NORTH CHARLESTON — Flooding at high tide has made Charleston one of the first South Carolina cities to directly feel the pain of climate change, so it’s fitting that a new green-energy research project is launching in the midst of the most vulnerable areas.
Clemson University researchers based in North Charleston have received $1.24 million from the U.S. Department of Energy to develop a new way to test a key piece of equipment on offshore wind turbines. The goal is to enhance their reliability, making them more cost-effective and attractive to build.
More wind power would make the world less reliant on fossil fuels that have been linked to climate change and sea-level rise. The rising water has contributed to more frequent flooding during high tide in Charleston and other coastal cities.
A team of researchers is doing its part to temper the effects of climate change in the Dominion Energy Innovation Center, a $110-million Clemson facility that opened six years ago at the former naval base in North Charleston.
J. Curtiss Fox, the director of research facilities at the center, said it’s crucial to make offshore wind turbines as reliable as possible. They are located in windy, blustery environments, often far from land and difficult enough to reach that many come equipped with helicopter landing pads.
“To go out there and change a $5 part becomes a very expensive endeavor,” said Fox, the principal investigator on the grant funding the new research. “There’s very little margin for error or your operating costs go up dramatically.”
The new research project could provide a boost to a clean-energy source that already has some significant momentum. The global offshore wind market benefitted from rapid technology improvements and grew nearly 30 percent per year between 2010 and 2018, according to a new report from the International Energy Agency.
About 150 new offshore wind projects are scheduled to be completed around the world over the next five years, the agency found.
The more power a turbine creates, the more cost-effective it is, so offshore wind turbines are getting bigger to capture more wind and generate more power. Larger wind turbines are able to generate power in areas with relatively low wind speeds that otherwise would not be viable sites.
Some of the largest wind turbines are one-and-half times the size of the Washington Monument, with blades as long as a football field, according to the U.S. Department of Energy.
The new Clemson research is aimed at ensuring reliability, even as the wind turbines grow larger, Fox said. To do so, researchers over the next two years will sharpen their focus on the nacelle, the box that sits atop the wind turbine where internal components convert the energy from blade rotation into electricity.
Nacelles will be connected to sophisticated lab equipment that will simulate real-world conditions, such as strong ocean waves and gusty winds. The nacelles, thinking they are deployed in the field, will generate electricity and send it into the Duke Energy eGRID, a grid emulator located at Clemson’s North Charleston facility.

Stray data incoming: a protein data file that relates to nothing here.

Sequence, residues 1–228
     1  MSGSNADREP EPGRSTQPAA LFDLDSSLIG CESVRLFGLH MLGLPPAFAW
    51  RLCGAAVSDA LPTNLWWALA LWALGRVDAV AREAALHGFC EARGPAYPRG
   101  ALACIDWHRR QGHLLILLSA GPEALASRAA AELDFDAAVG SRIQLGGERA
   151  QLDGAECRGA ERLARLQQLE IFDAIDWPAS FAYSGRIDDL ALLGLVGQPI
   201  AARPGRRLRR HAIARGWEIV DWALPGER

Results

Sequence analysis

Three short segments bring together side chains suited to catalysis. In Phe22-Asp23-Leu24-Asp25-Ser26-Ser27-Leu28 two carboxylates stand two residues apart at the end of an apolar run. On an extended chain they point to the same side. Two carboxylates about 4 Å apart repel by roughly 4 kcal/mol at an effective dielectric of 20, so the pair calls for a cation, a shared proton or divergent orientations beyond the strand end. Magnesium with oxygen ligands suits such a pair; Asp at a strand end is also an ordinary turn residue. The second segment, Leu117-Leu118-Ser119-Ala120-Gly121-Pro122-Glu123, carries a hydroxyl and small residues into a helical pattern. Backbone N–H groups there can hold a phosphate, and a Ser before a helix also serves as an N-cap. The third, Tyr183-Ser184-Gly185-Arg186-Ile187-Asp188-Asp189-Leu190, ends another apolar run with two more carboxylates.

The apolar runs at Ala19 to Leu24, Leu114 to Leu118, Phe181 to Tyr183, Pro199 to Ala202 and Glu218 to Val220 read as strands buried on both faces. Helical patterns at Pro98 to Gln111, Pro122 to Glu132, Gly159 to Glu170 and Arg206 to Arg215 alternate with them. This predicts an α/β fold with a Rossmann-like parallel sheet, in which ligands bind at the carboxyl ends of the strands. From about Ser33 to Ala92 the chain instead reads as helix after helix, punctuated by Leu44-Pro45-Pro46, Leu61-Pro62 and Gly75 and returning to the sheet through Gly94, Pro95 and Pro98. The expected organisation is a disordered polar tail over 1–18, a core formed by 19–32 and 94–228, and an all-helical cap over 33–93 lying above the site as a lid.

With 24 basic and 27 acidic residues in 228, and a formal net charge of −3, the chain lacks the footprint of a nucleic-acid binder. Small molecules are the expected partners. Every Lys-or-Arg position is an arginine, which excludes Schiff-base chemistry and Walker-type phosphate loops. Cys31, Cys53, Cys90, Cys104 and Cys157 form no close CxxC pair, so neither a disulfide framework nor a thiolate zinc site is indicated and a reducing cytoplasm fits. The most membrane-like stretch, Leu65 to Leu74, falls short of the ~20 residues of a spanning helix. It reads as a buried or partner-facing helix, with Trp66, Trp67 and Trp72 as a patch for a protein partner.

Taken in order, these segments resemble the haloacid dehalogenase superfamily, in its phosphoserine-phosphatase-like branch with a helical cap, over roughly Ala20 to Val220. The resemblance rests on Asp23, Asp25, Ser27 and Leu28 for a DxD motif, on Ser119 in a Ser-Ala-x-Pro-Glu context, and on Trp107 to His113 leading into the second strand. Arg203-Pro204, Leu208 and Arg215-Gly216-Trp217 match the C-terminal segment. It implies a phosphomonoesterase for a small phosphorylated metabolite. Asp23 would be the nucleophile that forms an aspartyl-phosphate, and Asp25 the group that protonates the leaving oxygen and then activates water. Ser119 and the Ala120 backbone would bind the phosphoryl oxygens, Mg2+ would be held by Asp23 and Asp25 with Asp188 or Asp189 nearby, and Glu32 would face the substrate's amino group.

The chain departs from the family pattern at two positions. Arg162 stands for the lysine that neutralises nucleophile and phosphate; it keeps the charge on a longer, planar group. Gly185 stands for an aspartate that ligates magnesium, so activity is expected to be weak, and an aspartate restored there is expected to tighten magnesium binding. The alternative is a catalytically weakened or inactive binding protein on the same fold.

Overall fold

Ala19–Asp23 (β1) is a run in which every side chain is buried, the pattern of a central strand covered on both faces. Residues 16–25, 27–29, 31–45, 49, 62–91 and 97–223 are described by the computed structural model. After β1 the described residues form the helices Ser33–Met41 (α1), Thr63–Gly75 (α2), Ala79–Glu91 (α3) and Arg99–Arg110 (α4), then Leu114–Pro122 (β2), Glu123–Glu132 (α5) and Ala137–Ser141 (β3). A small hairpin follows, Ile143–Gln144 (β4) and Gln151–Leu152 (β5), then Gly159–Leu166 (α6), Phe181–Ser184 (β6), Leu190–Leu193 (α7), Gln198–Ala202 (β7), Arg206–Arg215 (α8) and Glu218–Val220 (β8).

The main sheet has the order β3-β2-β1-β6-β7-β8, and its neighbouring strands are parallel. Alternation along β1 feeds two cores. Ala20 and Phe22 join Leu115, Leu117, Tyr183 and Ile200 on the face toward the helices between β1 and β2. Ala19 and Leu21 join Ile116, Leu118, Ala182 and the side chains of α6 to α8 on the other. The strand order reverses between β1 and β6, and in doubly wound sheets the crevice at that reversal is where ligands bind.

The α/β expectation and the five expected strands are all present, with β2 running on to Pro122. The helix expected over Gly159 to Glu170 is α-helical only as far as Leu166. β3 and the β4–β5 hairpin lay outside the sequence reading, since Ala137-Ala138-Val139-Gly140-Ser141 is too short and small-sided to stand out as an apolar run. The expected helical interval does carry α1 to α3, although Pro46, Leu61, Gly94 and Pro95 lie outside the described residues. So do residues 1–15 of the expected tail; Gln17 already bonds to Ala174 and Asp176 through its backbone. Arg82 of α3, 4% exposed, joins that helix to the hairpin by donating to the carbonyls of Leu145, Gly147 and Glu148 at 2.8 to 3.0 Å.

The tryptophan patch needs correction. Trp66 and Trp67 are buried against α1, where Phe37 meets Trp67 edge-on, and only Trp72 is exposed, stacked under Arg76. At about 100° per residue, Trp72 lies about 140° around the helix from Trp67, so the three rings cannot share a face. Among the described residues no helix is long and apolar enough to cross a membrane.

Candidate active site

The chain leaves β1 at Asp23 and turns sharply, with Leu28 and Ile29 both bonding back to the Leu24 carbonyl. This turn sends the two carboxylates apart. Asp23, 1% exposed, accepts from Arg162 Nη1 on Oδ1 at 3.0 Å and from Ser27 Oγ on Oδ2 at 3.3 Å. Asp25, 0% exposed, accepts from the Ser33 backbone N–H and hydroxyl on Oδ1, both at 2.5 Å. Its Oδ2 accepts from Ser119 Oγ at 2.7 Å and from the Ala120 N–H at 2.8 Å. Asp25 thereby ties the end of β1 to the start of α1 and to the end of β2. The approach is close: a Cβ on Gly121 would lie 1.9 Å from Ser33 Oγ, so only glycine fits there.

Researchers expect to be able to observe whether nacelle components start to show signs of abnormal operation which could affect lifetime or reliability. If they do, the team will adjust the controller, a computer inside the nacelle, to improve operation.
For example, if gusty winds cause speed changes that wear out certain components, the controller can adjust parameters such as blade pitch and speed to reduce wear and tear, making the turbine more reliable over the long haul.
The project is employing a testing strategy called “hardware-in-the-loop.” Using actual wind turbine energy-conversion components — the nacelle in this case — provides more realistic results than trying to simulate the hardware with a computer model. The “loop” refers to the computer program that simulates the wind, waves and electrical grid, and the interaction among them with the control system.
But what makes the new project especially unique is that for the first time anywhere researchers expect to be able to simultaneously test all three pillars of any wind turbine — the electrical generator, the mechanical wind capturing system and the software that connects them.
“This testing scenario allows you to look at the interaction of all three of those pieces, whereas present testing allows you to look at one at a time without understanding the interactions,” Fox said.
Randy Collins, Clemson’s associate vice president and director of research for the energy center, said the research could open new doors for wind energy around the world.
“The new testing method we are developing will help design and build the next generation of offshore turbines,” Collins said. “The theoretical, practical and industrial aspects are all coming together in this research. It’s a great opportunity to drive forward in testing capabilities and validate computer simulation models and controls with real-world environments.”
Daniel Noneaker, chair of the Holcombe Department of Electrical and Computer Engineering, said the project adds to a portfolio of research that is accelerating the development and deployment of wind turbine technology.
“These projects are providing new opportunities for our faculty and students to work on the cutting edge of a growing industry,” Noneaker said. “We are grateful to have the facilities and expertise that make this work possible.”
Anand Gramopadhye, dean of the College of Engineering, Computing and Applied Sciences, said that Clemson is the ideal place for the research.
“We have state-of-the-art facilities, and we work closely with industry partners,” Gramopadhye said. “Our faculty and staff know the direction the technology is headed. I congratulate the team on securing the grant. It is well-deserved.”
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